If you want to use it in your projects, simply add the NuGet package to your Xamarin.Forms project and add the control to your XAML layout.

Useful Developer Tools #9: Clean and Zip .NET projects from Finder

If you develop .NET projects, particularly in the Xamarin world, you might find yourself cleaning your projects (delete /bin and /obj folders) from time to time by hand. Especially, when you plan to send code to others as a compressed .zip file, you might want to remove those folders beforehand.


The amazing Colby L. Williams created a Finder extension for macOS, that does exactly that for you. Simply right-click a folder and select Services -> Clean to get rid of all /bin and /obj folders of its descendants or Services -> Clean & Compress to do the same and zip it afterwards.


Enable and control iOS 11 Large Titles in Xamarin.Forms

With iOS 11, Apple introduced a bunch of new design elements to its mobile platform. One of them are larger titles, that sit in the Navigation Bar and can be scrolled away when more space is needed. Large Titles can be enabled with a few lines of code in iOS. To use them with Xamarin.Forms, we need to extend the framework on our own, as the new titles are not officially supported yet.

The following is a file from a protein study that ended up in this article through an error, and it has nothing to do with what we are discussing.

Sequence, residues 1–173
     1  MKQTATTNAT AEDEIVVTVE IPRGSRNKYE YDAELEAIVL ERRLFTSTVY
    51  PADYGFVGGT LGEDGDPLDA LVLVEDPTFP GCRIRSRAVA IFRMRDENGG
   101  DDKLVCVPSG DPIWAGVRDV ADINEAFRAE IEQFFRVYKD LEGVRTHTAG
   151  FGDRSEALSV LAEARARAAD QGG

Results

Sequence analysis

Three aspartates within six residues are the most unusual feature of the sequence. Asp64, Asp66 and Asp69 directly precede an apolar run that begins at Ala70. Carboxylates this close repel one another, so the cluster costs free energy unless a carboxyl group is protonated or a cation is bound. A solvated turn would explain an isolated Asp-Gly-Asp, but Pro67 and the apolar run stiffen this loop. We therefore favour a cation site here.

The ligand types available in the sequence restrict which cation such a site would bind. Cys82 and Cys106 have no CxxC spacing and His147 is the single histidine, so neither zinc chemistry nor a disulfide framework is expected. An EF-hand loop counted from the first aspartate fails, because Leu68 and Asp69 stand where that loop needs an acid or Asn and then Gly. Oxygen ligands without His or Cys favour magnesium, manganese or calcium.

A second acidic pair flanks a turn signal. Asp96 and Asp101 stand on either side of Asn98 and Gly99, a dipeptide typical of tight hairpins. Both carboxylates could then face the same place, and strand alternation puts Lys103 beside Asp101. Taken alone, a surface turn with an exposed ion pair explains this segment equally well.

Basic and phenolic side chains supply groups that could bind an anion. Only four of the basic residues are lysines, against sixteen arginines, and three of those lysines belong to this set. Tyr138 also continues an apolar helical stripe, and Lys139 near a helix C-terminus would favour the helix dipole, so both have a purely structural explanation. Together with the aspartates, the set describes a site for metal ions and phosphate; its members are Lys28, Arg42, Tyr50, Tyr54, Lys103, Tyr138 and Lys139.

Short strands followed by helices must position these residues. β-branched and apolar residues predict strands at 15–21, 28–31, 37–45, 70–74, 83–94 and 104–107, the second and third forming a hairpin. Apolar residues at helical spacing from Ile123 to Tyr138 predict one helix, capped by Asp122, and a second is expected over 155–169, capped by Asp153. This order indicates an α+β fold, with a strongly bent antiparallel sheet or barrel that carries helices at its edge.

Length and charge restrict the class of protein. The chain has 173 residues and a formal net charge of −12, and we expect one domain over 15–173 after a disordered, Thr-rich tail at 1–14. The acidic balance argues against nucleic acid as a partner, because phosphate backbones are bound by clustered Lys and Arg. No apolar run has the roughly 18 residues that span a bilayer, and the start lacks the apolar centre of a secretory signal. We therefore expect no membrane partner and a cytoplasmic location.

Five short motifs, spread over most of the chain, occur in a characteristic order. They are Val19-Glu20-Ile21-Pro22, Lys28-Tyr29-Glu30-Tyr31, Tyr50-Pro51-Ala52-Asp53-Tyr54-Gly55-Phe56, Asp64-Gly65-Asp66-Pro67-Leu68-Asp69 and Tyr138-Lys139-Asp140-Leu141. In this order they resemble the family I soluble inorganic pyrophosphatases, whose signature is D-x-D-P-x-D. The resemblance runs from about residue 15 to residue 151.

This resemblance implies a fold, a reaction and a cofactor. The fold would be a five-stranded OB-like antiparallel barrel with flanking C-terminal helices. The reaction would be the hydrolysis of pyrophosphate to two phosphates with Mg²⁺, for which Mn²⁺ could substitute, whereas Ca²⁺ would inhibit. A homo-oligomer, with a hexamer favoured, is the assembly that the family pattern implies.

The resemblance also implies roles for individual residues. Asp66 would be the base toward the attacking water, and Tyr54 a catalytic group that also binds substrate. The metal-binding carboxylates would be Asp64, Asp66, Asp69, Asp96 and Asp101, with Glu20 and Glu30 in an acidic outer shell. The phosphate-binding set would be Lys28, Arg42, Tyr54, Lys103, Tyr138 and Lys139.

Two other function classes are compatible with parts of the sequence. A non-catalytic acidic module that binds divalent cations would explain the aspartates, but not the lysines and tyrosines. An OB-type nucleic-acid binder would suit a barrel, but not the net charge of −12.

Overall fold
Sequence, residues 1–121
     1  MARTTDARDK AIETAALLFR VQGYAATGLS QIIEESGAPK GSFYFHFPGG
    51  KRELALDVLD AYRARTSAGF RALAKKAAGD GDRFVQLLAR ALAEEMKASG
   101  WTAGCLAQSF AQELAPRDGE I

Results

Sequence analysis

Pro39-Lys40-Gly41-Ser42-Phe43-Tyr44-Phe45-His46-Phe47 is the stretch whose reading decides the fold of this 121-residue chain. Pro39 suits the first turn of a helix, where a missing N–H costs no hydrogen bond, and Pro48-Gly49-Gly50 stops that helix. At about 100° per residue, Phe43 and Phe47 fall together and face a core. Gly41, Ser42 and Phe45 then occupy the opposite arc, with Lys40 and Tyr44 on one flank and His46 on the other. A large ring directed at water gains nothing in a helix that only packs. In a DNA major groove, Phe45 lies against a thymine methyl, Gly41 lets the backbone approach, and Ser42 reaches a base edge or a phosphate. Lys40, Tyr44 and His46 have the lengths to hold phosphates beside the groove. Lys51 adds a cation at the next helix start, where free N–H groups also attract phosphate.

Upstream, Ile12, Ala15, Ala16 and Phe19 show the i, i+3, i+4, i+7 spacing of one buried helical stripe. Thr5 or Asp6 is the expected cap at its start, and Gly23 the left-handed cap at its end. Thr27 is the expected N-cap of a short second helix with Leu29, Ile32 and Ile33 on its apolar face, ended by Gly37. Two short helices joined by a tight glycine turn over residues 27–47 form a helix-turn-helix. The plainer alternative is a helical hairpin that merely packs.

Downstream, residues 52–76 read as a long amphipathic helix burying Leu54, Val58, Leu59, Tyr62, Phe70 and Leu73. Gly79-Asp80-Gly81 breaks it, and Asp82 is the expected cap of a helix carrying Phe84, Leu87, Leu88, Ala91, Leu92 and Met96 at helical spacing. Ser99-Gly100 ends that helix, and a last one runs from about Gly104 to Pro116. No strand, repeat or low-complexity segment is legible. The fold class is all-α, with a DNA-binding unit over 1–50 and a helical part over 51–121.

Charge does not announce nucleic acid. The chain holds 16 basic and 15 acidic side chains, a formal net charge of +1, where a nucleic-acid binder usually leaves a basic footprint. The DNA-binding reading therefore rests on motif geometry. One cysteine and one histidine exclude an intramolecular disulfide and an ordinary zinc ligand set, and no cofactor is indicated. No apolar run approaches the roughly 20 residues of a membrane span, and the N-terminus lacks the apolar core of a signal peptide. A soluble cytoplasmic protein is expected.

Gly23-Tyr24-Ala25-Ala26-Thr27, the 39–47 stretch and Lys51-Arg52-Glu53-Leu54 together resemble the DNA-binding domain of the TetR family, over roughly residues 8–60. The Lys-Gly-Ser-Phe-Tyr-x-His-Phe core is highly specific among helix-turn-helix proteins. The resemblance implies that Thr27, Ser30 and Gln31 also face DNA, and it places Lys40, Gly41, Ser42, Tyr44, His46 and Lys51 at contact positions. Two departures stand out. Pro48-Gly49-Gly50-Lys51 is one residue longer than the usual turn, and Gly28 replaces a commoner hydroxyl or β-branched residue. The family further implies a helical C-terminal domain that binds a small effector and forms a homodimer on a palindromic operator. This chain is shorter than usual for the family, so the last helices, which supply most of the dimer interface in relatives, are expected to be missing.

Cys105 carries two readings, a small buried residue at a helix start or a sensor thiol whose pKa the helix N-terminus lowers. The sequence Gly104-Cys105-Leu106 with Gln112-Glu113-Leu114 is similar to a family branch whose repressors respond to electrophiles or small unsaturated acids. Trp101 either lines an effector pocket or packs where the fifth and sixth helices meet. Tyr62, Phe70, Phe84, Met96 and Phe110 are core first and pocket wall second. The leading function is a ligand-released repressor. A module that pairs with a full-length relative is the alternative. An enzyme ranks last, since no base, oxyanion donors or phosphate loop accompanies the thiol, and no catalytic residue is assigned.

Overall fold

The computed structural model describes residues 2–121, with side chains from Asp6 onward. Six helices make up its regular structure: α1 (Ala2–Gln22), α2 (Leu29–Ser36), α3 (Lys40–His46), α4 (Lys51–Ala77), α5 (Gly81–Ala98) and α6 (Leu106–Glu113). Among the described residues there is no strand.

iOS 11 Large Titles Screenshots

UPDATE: With Xamarin.Forms 2.5, a platform-specific for Large Titles has been added. Read this post for further details.

Enable Large Titles

To add support for Large Titles in Xamarin.Forms all we need to do is overriding the existing NavigationRenderer and enable Large Titles application-wide. Simply add this Renderer to your iOS project and they will be shown everywhere.


Control when to display Large Titles

Being in control of when to display the new titles or not is a nice feature as they totally do not make sense on every page and this gives us more flexibility on when and where to use them.

Unfortunately, Xamarin.Forms is struggling with the new Large Titles and bottom offsets sometimes, especially when combined with a TabbedPage. So we need a way to switch them off manually for each page.